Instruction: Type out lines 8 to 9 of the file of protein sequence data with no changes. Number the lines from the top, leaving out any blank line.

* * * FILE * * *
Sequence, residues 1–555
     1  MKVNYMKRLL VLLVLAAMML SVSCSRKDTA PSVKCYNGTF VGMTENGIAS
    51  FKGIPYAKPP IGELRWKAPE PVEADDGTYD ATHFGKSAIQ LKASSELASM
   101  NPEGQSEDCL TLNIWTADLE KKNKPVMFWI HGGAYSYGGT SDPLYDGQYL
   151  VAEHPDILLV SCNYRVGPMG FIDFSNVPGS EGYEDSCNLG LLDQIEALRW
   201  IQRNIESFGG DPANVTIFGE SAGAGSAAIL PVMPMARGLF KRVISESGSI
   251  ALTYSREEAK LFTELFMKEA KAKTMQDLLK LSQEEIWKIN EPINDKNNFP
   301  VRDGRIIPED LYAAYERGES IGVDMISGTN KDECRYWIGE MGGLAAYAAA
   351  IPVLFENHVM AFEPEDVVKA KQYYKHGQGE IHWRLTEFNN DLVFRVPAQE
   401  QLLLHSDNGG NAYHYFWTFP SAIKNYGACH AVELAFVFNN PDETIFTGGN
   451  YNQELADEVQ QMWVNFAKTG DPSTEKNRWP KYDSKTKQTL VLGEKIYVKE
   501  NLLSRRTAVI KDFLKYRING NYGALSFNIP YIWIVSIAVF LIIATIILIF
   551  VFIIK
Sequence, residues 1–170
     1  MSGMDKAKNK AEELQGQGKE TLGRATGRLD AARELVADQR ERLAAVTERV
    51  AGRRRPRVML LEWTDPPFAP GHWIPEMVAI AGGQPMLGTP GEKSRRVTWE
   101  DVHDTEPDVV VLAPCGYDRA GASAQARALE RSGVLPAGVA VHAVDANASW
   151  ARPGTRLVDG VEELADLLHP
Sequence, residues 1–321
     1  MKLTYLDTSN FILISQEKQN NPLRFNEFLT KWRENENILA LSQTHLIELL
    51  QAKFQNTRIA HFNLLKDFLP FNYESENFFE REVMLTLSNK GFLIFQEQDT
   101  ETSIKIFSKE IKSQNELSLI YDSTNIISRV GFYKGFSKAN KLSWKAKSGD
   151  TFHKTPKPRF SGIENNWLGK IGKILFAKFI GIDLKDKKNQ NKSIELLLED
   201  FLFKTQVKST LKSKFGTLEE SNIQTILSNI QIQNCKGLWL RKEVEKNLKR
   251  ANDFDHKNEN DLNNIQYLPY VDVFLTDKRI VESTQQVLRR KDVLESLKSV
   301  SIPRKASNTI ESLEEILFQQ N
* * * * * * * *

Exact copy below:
   301  VRDGRIIPED LYAAYERGES IGVDMISGTN KDECRYWIGE MGGLAAYAAA
   351  IPVLFENHVM AFEPEDVVKA KQYYKHGQGE IHWRLTEFNN DLVFRVPAQE